Health Records in Court / Edition 1

Health Records in Court / Edition 1

by Jane Lynch
     
 

This book is an essential tool for all healthcare professionals. An understanding of the law and the way in which it impacts upon roles, responsibilities and care is a vital component in everyday healthcare. Written in a clear and concise style, Health Records in Court provides practical legal advice by highlighting real-life healthcare case studies and workplace

See more details below

Overview

This book is an essential tool for all healthcare professionals. An understanding of the law and the way in which it impacts upon roles, responsibilities and care is a vital component in everyday healthcare. Written in a clear and concise style, Health Records in Court provides practical legal advice by highlighting real-life healthcare case studies and workplace examples. It offers much-needed, clearly explained guidance for navigating the complexities and intricacies of medico-legal processes, practices and obligations - vital for every health professional who creates, adds to or maintains health records.

Product Details

ISBN-13:
9781846192227
Publisher:
Taylor & Francis
Publication date:
10/01/2009
Pages:
192
Product dimensions:
6.70(w) x 9.60(h) x 0.60(d)

Table of Contents

Foreword ix

Preface x

About the author xii

Acknowledgements xiii

1 Introduction to health records 1

2 Health records and the law 5

The court system 5

Sources of law 5

Guidelines and codes of practice 9

Court structure 10

Civil law 11

Negligence 11

Criminal law 14

3 Accountability 19

Accountability in a legal context 21

The four areas of accountability 22

Legal and professional obligations 30

4 Will the records stand up to legal scrutiny? 33

Case study 33

5 Good practice for health records 43

The purpose of health records 47

Record keeping is a chore 49

What constitutes the health records and legal documents? 50

Who should write the records? 52

When should the records be written? 53

How much should be written? 55

What should be written? 56

What to include 57

What to omit 58

Don't keep it in your head 58

Health records should include... 59

6 The detail 63

Inadequate detail 63

The rationale 64

Clarity of detail 65

Clear and unambiguous 68

Care and condition 68

Advice given 69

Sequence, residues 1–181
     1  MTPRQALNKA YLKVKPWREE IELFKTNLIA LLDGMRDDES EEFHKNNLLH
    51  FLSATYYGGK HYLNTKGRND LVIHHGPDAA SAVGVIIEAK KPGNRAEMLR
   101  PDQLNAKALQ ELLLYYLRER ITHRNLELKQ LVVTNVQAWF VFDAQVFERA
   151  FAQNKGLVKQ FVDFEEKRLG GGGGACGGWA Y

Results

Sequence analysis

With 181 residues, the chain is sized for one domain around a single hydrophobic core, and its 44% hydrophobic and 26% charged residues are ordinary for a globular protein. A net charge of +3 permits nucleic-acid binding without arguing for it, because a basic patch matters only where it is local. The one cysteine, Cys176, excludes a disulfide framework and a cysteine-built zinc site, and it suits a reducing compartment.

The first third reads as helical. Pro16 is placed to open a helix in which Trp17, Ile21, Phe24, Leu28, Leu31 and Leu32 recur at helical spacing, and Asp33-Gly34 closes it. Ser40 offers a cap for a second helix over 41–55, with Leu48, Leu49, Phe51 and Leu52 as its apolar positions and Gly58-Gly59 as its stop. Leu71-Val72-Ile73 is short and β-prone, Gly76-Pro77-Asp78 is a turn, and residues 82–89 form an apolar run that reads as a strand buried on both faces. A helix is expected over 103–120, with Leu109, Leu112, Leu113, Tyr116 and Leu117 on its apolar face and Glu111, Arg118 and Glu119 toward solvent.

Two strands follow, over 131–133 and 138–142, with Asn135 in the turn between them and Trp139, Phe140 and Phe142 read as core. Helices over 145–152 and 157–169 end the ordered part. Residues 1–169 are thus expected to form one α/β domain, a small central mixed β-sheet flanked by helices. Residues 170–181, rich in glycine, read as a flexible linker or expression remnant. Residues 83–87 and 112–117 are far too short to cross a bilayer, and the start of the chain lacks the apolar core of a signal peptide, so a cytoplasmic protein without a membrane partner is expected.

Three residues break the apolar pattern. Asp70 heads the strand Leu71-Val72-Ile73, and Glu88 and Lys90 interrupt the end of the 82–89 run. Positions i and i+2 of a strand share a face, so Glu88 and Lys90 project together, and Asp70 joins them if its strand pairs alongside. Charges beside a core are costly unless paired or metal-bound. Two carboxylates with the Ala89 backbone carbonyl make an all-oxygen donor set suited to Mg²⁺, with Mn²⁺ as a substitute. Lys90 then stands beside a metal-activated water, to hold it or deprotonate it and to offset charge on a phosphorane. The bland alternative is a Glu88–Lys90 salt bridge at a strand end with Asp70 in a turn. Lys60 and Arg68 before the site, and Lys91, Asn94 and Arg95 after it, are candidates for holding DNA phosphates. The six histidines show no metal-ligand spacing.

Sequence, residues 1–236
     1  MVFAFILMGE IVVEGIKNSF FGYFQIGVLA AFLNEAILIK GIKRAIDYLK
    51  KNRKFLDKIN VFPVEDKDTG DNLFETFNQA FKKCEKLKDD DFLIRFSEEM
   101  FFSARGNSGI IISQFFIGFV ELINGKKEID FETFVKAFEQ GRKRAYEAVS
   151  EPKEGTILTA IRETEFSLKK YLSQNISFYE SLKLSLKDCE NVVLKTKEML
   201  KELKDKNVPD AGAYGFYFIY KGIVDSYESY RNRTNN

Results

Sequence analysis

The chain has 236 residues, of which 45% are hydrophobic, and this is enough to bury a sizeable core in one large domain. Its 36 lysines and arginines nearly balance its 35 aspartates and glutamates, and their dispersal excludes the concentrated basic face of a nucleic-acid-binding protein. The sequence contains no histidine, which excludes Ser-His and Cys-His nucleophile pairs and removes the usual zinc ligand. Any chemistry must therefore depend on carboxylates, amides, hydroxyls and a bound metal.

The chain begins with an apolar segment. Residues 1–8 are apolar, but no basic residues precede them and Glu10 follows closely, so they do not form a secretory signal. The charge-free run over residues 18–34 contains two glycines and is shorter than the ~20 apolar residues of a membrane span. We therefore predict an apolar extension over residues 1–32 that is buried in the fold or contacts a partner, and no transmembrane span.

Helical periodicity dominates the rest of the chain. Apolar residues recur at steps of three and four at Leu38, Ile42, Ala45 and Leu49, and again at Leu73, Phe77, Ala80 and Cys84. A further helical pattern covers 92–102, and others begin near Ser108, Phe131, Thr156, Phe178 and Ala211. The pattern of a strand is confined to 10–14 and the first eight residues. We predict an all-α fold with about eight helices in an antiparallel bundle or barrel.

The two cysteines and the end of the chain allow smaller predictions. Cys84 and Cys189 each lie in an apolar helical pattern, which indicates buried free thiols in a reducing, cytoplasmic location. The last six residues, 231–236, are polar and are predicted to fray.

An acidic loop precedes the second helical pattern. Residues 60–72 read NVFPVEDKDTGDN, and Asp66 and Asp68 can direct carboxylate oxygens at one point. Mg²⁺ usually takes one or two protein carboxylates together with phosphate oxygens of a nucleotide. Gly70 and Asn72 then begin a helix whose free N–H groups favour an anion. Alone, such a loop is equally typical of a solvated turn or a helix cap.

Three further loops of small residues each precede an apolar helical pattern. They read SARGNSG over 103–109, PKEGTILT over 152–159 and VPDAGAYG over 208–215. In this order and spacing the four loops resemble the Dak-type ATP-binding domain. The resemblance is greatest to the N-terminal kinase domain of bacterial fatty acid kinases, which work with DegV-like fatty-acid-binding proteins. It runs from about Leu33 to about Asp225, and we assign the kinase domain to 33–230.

Advice and consent 69

Action 71

Negative findings 71

Frequency of the entries 72

Spelling and grammar 72

Missing information 73

Patient's details 73

7 How do we record? 75

Protocols and guidelines 75

Aggression 76

Failure by the patient to comply 76

Third party information 76

Telephone advice 77

Complaint 79

Recording consent issues 81

Understanding, language and interpreters 84

Dates and times 84

Authenticate 88

Designated place for recording allergies 90

Standard forms and tick boxes 90

Legibility 91

8 Fact, assumption, professional opinion 93

Fact and assumption 93

Professional opinion 96

9Amending the records 99

Amending mental health records 99

10 What to leave out 103

Jargon 103

Routine and meaningless entries 103

Gratuitous entries 105

Subjective comments 106

Abbreviations 106

Arrows and dashes 108

Do not squeeze information in 108

Do not leave gaps 108

11 Common errors in the records 111

Transmitting and receiving information 113

Duplication of health records 113

12 Sharing information 117

Inter-professional access to records 117

Communication between healthcare professionals 118

Confidential information 121

Records used for research and teaching 123

Records used for clinical audit 123

13 Access to health records by the patient 125

Patient's right of access to health records 125

Withholding information 126

Children's records 127

Copying letters to GPs and patients 128

14 Systems of record keeping 135

Supplementary records 137

Electronic records 138

15 Further considerations 143

Infection control and the records 143

Mental health records 143

Midwifery records 145

Social care records 146

16 Who owns the health records? 149

Patient-held records 149

Supplementary records 150

Storage of health records 150

17 Health records used to prepare witness statements and reports 155

A statement, report or expert report? 155

18 Health records used as evidence 159

Will your records stand up to legal scrutiny? 159

Untrue or false entries 161

Missing records 162

What is the court looking for? 162

Lack of professionalism 163

19 Defensive writing 165

20 Assessment criteria for health records 167

Glossary 169

Index 175

Read More

Customer Reviews

Average Review:

Write a Review

and post it to your social network

     

Most Helpful Customer Reviews

See all customer reviews >